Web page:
[LMB] TOI, Electricity, and Magnets
anmar.mirza at gmail.com
Thu Aug 27 16:29:57 BST 2020
On Thu, Aug 27, 2020 at 11:18 AM Harvey Fishman <fishman at panix.com> wrote:
> I read the Wikipedia article on asynchronous generators and it seems to
> that it says you must still start with a charged capacitor to initially
> power the field winding.
Good lord Harvey, you have people here who have actual, real life
experience with these things telling you things and yet somehow and
incomplete skim of wikipedia is what you believe?
Since you apparently will only believe what you read on the
internetz instead of from people who have worked with these things and have
extensive education in them: While I explained about self-excitation in
layperson's terms, the articles quoted below say exactly the same thing:
"Self-excitation is made use of most often in DC generators. When a
self-excited generator is started, the initial current in the field winding
is produced by the electromotive force (emf) induced in the armature
winding by the residual magnetic field of the main poles. To sustain
self-excitation, the initial current must reinforce this field. The
additional magnetic flux increases the emf in the armature and,
consequently, the current in the windings of the main poles. Because,
however, of magnetic saturation in the magnetic circuit, the increments in
magnetic flux corresponding to equal increments in current become smaller
as the current builds up. The process of self-excitation continues as long
as the emf in the armature exceeds the voltage drop in the field winding.
At a certain magnitude of the magnetic flux, electric equilibrium is
reached, and there is no further increase in magnetic flux, armature emf,
and excitation current. Self-excitation can be achieved when the value of
the resistance of the field winding does not exceed a certain limit, which
depends on the electric parameters of the generator."
"Modern DC generators with field coils are self-excited generators which
get started with the initial current in the field coils. When generator is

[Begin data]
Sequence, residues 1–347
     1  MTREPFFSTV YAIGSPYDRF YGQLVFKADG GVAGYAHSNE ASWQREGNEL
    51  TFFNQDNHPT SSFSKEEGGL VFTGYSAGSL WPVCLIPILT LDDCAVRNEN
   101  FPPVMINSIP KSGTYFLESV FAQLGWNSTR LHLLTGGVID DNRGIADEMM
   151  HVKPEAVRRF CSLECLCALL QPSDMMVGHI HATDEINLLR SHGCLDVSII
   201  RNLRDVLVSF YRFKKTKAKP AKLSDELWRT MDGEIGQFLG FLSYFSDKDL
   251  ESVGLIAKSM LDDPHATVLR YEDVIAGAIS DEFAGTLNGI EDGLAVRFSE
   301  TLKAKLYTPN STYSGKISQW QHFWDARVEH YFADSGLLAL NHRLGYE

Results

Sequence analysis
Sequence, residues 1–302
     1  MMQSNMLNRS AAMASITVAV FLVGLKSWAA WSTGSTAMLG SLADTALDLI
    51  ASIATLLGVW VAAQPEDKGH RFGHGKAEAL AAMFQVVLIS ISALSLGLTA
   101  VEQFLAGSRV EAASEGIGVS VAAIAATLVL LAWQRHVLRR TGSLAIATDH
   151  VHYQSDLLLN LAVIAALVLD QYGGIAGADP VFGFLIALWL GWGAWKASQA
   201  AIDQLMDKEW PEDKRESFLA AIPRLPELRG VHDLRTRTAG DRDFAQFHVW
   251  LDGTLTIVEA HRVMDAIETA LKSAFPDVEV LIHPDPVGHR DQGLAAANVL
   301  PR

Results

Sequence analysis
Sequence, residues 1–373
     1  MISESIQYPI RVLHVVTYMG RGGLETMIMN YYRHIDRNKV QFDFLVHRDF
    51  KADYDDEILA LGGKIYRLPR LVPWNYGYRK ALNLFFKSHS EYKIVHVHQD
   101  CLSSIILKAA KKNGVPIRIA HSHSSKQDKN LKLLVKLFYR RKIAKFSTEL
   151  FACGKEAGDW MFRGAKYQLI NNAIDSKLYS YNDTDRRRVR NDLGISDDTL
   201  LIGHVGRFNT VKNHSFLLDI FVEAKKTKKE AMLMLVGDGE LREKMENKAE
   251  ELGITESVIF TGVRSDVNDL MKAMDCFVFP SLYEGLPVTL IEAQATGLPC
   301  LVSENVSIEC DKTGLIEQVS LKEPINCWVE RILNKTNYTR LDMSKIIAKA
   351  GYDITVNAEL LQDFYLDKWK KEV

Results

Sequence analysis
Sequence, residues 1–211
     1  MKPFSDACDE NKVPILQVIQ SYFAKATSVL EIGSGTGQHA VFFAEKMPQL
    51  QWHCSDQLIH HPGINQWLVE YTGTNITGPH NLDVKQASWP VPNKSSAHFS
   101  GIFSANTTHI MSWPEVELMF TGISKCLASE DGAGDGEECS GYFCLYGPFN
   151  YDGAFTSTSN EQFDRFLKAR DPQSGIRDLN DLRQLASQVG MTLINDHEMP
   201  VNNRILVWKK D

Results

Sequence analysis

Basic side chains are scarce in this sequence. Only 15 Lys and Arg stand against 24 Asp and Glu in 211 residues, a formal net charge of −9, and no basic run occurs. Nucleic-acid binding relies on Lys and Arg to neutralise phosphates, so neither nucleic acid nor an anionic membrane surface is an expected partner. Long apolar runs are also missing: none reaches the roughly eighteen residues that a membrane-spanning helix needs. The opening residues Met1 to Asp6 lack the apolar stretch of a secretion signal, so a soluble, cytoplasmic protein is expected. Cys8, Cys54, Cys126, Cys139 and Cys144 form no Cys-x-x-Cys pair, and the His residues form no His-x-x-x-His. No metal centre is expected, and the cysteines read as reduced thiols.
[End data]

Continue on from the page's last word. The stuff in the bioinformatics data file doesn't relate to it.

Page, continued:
switched off, a small magnetism is developed in rotor iron which induced
electromotive force in the armature due to which current is produced in the
field windings. Initially, weak magnetic field creates less current in the
coil, but to sustain self-excitation, the additional magnetic flux
increases the electromotive force in the rotor, due to which voltage keep
on increasing until the machine takes the full load."
Your very own wikipedia which you did not apparently read completely:
Modern generators with field coils are usually self-excited; i.e., some of
the power output from the rotor is used to power the field coils. The rotor
iron retains a degree of residual magnetism when the generator is turned
off. The generator is started with no load connected; the initial weak
field induces a weak current in the rotor coils, which in turn creates an
initial field current, increasing the field strength, thus increasing the
induced current in the rotor, and so on in a feedback process until the
machine "builds up" to full voltage."
But by all means, let a five minute self-education via google be more
authoritative than what people who have spent many years learning about and
working with these things. This is the way of the net afterall.
Anmar Mirza EMT, N9ISY, NCRC National Coordinator, RBNC President
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